The American Civil Liberties Union of Rhode Island today announced the settlement of a federal lawsuit against Pawtucket city officials on behalf of five firefighters whose personal lockers at the fire station were searched by police without their knowledge or consent. The conclusion of this lawsuit affirms that the search was unlawful, violating both the firefighters’ constitutional right to be free from unreasonable searches and a state law protecting privacy.

The unlawful searches took place in September 2023 after Pawtucket police officer Mario Comella sought and obtained a search warrant for a car owned by firefighter Patrick White based on a complaint that White was illegally transporting firearms from the vehicle. The search led to White’s arrest for firearms violations. The warrant did not authorize a search of White’s fire station locker, much less those of any other firefighters, nor was there any allegation that other firefighters were involved at all in White’s alleged illegal activities. Nonetheless, the police, with the approval of Fire Chief John Trenteseaux, searched the plaintiffs’ personal lockers without their consent one day when they were away from the station.

Personal lockers are housed in a separate “residential” area of the fire station where the firefighters keep their personal items while they work shifts which can be as long as 24 hours. The consent judgment filed today by the parties, and awaiting approval by the court, declares that the search of the plaintiffs’ personal lockers without a warrant violated the firefighters’ right to be free from unreasonable searches and seizures under both the U.S. and state Constitutions and also the R.I. Right to Privacy Act. Additionally, under the consent judgment, the city has agreed to pay $1,000 in damages to each of the plaintiffs, and $59,163.09 in attorney’s fees to ACLU of RI cooperating attorneys Danilo Borgas and Richard Sinapi.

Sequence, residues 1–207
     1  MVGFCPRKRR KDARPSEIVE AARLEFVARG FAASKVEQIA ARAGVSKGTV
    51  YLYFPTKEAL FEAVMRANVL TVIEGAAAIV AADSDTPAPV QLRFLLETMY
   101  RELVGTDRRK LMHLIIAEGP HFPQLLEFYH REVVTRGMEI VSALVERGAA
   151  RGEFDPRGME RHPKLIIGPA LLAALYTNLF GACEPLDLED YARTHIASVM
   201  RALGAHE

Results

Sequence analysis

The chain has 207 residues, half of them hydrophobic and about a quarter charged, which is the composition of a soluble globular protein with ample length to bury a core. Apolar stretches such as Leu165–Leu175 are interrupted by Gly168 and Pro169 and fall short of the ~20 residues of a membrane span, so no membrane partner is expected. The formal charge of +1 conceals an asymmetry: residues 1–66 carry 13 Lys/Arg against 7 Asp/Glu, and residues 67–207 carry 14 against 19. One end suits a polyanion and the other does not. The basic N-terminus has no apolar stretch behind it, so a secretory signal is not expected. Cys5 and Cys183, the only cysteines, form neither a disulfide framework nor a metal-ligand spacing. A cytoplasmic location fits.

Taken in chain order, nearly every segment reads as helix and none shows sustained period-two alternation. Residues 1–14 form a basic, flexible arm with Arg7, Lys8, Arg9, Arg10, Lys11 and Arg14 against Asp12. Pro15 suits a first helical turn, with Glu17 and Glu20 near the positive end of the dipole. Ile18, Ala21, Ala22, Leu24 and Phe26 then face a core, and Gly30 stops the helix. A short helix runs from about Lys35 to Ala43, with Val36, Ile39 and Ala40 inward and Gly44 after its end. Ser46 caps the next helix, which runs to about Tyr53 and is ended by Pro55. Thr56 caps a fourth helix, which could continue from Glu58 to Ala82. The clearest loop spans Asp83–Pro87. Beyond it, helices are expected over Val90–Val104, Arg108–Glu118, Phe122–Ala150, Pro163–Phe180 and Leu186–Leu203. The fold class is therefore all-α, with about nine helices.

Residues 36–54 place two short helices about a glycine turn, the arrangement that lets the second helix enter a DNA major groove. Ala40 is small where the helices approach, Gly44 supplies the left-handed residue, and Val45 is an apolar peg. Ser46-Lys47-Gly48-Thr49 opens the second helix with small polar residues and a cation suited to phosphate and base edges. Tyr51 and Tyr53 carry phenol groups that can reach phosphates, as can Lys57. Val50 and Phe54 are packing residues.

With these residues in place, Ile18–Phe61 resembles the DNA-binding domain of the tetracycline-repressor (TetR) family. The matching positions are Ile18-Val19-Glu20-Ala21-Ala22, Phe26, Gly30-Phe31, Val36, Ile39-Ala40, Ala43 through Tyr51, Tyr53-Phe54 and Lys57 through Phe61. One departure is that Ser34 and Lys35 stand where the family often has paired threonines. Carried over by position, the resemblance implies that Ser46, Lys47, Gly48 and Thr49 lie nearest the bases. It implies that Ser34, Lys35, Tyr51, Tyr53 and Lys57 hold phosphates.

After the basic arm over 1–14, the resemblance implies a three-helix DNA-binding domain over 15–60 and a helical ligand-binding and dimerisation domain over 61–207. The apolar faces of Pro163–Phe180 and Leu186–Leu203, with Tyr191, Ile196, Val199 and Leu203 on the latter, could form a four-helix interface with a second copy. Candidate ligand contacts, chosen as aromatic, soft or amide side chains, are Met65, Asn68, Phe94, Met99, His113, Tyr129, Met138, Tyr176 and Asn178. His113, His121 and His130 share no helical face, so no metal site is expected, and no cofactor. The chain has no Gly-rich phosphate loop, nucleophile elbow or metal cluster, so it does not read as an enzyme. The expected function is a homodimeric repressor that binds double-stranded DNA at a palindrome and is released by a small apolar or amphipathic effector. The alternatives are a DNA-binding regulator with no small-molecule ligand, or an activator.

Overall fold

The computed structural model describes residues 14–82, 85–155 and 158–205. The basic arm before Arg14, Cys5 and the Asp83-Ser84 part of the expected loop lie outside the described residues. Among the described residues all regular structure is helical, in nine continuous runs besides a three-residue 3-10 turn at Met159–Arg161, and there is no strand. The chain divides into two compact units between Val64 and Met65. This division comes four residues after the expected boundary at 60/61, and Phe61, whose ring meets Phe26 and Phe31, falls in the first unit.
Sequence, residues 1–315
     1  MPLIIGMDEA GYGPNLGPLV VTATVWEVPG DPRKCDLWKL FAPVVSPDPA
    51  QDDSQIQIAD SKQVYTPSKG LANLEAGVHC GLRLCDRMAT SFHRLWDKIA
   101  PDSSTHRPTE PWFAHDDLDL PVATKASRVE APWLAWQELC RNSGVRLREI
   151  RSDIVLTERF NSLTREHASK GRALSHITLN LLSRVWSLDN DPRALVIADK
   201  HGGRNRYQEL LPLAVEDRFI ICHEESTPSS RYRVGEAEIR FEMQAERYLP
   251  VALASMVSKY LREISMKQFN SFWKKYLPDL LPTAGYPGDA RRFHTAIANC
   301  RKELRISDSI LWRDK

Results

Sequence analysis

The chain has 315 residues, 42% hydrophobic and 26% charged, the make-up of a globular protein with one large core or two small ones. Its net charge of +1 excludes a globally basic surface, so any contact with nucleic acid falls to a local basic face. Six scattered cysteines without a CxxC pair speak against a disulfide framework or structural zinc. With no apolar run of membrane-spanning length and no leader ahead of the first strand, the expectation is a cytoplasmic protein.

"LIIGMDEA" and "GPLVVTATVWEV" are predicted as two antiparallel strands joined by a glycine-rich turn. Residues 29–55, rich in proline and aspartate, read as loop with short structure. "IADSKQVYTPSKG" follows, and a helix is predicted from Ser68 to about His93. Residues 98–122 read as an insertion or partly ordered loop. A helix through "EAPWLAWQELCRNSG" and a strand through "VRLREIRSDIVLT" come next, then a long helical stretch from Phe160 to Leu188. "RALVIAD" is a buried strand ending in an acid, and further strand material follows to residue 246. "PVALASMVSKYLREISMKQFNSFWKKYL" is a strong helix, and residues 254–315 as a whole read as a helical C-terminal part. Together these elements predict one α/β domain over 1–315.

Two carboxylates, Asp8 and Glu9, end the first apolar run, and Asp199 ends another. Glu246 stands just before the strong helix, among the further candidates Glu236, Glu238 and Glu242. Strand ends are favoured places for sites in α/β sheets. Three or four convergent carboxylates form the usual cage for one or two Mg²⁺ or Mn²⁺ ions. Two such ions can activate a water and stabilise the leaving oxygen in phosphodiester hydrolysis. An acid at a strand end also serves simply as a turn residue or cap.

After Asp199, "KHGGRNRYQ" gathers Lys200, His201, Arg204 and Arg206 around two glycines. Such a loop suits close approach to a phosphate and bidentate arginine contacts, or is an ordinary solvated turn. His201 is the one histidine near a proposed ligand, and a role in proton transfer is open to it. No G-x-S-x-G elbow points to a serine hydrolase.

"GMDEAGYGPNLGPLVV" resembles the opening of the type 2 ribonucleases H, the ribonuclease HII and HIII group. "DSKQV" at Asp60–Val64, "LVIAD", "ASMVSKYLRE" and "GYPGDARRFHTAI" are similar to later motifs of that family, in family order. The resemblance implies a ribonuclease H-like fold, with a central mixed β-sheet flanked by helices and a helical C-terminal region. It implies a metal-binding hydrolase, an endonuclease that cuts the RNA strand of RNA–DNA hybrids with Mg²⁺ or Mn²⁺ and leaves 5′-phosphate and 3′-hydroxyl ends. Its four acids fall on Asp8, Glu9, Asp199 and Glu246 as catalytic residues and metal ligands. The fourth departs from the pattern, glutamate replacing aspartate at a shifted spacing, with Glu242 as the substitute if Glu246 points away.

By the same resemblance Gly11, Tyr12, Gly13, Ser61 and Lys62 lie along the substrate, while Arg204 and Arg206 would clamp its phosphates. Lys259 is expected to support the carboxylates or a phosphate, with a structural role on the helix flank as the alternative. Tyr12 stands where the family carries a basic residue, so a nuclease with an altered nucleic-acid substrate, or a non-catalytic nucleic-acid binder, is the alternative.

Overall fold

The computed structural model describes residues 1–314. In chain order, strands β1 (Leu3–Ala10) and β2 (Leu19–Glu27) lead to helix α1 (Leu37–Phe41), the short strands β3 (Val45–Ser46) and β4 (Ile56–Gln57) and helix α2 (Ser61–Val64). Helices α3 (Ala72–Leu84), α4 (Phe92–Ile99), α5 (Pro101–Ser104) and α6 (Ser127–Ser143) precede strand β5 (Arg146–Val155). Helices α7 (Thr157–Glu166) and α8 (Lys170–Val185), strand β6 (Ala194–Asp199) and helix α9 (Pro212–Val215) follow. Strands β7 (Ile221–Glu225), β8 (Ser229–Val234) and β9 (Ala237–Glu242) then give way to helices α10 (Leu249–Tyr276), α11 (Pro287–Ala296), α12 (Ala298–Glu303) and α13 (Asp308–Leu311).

The plaintiffs in the case are firefighters Noah LeBlanc, Stephen Garlick, Manuel Benevides, Scott McDonald, and Steven Como.

Lead plaintiff LeBlanc said today: “The unlawful search of our personal lockers was a clear violation of our Fourth Amendment rights, and today’s settlement affirms that no one is above the law. This outcome serves as a reminder of the importance of respecting privacy and the protections guaranteed by the Constitution.”

ACLU attorney Sinapi said: “The Fourth Amendment establishes a right to personal privacy in our papers and effects and any place where we have a reasonable expectation of privacy.  Along with freedom of speech, it is one of the two fundamental pillars upon which a democracy depends and without which it cannot exist.   The settlement of this case not only vindicates each Plaintiff’s right to privacy, but it also establishes a precedent that safeguards this fundamental freedom for all.”

Attorney Borgas added: “We are proud to have stood by these firefighters in defending their constitutional protections and commend them for standing up for their rights. We hope this case serves as a powerful reminder to all public officials of their duty to uphold the law and protect the freedoms enshrined in our Constitution.”

The consent judgment will take effect once formally entered by Judge Mary McElroy.